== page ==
• Dayanand opposed a ritual-ridden Hindu religion and called for basing it on the preaching of the Vedas . Only Vedas, along with their correct analytical tools, were true.
  • He attacked puranas, polytheism, idolatry and domination of the priestly class .
  • He adopted Hindi for reaching out to the masses .
  • He also opposed child marriage.
  • He was fiercely opposed to multiplicity of castes which he thought was primarily esponsible for encouraging conversion of lower castes into Christianity and Islam .
  • After Dayanand’s death in 1883, the Samaj lay scattered.

ARYA SAMAJ after Dayanand’s death

  • Most important attempt to unite the Samaj and its activities was the founding of the

Dayanand Anglo Vedic Trust and Management Society in Lahore in 1886 .

  • In 1886, this society opened a school with Lala Hansraj as its principal. However, some leaders of the Samaj like Munshi Ram (Swami Shraddhanand), Gurudatt, Lekh Ram and others were opposed to Anglo Vedic education.
  • They argued that the Arya Samaj’s educational initiative must focus on Sanskrit, Aryan ideology and Vedic scriptures and should have little space for English learning.
  • This militant wing thought that Dayanand’s words were sacrosanct and his message in Satyarth Prakash could not be questioned .
  • While the moderate wing led by Lala Hansraj and Lajpat Rai pointed out that Dayanand was a reformer and not a rishi or sadhu .
  • Conflicts also arose over the control of the DAV Management Society.
  • These differences finally led to a formal division of the Arya Samaj in 1893 when Munshiram broke away along with his supporters to initiate a gurukul-based education. Therefore, after 1893 the two wings of the Arya Samaj were – DAV group and Gurukul group .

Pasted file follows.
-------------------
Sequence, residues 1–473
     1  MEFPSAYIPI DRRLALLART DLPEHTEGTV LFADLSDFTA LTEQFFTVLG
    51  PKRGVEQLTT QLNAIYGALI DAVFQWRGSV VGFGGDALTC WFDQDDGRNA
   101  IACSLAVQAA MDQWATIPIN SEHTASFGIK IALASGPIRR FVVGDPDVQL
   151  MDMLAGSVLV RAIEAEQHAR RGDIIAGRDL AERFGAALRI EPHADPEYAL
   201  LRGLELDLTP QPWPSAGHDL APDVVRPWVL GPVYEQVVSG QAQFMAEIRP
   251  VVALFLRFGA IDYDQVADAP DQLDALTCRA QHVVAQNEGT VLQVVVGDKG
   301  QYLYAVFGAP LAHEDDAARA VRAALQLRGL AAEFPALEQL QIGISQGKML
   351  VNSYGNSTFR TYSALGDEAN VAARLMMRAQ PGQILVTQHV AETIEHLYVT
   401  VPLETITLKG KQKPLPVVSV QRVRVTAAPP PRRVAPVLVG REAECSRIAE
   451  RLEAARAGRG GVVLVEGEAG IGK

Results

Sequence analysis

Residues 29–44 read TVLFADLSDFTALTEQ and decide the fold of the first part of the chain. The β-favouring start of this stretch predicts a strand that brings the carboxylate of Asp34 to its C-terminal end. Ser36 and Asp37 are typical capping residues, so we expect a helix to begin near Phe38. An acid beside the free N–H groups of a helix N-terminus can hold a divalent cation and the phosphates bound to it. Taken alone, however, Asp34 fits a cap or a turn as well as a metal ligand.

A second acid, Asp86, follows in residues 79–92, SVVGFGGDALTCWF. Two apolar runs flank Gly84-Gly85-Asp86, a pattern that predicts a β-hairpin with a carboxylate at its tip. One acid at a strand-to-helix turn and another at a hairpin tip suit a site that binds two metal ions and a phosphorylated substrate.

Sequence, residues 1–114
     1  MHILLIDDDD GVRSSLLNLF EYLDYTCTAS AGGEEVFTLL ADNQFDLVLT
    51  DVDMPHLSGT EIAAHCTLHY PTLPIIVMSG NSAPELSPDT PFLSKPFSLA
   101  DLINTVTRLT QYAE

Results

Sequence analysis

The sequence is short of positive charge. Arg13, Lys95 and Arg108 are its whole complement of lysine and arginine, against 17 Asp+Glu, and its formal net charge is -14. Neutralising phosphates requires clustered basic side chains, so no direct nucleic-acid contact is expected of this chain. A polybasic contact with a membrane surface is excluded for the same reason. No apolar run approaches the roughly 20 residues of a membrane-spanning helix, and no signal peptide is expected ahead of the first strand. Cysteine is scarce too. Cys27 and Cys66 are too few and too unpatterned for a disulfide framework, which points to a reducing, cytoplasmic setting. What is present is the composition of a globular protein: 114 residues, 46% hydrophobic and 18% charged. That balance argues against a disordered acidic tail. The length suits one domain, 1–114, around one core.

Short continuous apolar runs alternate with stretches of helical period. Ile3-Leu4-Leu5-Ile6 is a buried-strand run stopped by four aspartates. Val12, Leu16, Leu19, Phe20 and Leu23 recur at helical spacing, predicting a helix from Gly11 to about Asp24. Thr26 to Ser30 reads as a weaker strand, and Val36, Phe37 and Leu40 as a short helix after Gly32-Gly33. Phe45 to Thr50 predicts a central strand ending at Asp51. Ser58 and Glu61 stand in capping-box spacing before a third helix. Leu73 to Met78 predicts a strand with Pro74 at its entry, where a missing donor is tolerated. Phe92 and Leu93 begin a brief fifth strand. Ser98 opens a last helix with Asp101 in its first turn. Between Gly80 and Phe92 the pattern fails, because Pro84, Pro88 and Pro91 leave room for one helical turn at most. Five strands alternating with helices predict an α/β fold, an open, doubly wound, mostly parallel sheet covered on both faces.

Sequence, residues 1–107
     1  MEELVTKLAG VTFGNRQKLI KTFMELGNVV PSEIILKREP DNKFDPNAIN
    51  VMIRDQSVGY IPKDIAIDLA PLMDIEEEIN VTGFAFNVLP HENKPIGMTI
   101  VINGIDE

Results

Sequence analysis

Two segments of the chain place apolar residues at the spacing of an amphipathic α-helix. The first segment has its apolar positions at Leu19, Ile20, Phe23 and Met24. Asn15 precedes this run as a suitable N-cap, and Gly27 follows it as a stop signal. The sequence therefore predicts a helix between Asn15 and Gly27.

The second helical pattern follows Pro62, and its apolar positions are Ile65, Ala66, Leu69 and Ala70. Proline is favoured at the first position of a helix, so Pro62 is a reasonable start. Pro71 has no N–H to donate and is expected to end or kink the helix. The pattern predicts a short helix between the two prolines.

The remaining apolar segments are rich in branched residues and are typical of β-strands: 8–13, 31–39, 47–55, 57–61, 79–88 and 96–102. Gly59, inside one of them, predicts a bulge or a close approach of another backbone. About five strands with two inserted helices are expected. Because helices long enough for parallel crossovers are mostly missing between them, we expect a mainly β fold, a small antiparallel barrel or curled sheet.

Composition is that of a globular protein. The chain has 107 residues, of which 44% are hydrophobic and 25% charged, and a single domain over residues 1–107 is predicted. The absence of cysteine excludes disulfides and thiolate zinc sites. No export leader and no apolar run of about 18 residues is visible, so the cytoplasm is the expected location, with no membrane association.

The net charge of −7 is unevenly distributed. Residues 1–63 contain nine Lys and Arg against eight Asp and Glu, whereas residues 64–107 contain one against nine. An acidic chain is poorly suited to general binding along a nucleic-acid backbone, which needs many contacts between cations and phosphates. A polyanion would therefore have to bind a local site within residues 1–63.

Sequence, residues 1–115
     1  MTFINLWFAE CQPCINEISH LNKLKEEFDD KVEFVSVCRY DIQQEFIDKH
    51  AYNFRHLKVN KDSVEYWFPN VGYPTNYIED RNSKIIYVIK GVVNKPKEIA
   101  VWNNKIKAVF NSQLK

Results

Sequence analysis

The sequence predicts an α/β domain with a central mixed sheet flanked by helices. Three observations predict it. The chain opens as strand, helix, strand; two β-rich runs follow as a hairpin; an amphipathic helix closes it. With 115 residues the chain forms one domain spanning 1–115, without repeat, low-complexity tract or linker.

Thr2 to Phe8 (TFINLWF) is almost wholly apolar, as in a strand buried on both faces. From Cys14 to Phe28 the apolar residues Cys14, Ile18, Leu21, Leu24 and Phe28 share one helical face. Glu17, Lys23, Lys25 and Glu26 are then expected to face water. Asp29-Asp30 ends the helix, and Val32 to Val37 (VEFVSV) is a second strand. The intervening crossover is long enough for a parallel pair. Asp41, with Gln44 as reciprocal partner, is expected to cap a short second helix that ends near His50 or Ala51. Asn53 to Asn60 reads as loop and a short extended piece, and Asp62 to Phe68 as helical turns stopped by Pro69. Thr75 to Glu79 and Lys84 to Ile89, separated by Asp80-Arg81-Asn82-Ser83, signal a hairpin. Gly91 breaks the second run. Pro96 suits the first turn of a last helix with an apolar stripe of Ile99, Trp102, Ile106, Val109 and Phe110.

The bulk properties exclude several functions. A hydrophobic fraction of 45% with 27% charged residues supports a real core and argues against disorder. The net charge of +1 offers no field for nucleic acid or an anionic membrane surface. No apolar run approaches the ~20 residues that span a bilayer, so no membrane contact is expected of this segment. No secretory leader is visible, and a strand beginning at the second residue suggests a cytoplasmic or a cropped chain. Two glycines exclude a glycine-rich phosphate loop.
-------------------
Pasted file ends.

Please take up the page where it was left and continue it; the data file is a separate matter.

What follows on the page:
• Munshi Ram and Lekh Ram devoted themselves to popularizing of the teachings of the Vedas and began an Arya Kanya Pathshala at Jalandhar to safeguard education from missionary influence.
  • In 1902, Munshi Ram founded a Gurukul at Kangri in Haridwar. This institute became the centre of the gurukul education wing of the Arya Samaj in India. It was here that Munshi Ram adopted sanyas and became Swami Shraddhanand .
  • The two wings of the Arya Samaj, i.e. DAV wing and the Gurukul wing had differences on the question of education but were united on important political and social issues of the time.
  • The Arya Samaj as a whole opposed conversion of Hindus to Islam and Christianity and therefore advocated re-conversion of recent converts to Hinduism. This process was called Shuddhi .
  • They also advocated greater usage of Hindi in Devanagari script .
  • In the 1890s, the Arya Samaj also raised the issue of cow slaughter and formed gaurakshini sabhas (or the cow protection societies) for protection of cows .
  • The Arya Samaj led a prolonged movement against untouchability and advocated dilution of caste distinctions .


It means the reconversion of those Hindus who had once been willingly or forcibly converted into other religions, but were now willing to come back into the fold of Hinduism also it prevented further conversion. It was considered by the Arya Samajists as a potent instrument for effecting socio-religious and political unity of India.

Swami Vivekananda

  • He spread the message of spiritual Hinduism in America and Europe during his tour of 1893-97.
  • He established Ramakrishna Mission in 1897 and set up a Math at Belur.
  • Vivekananda was opposed to degeneration in religion, manifold divisions, caste rigidities, practice of untouchability, superstitions etc.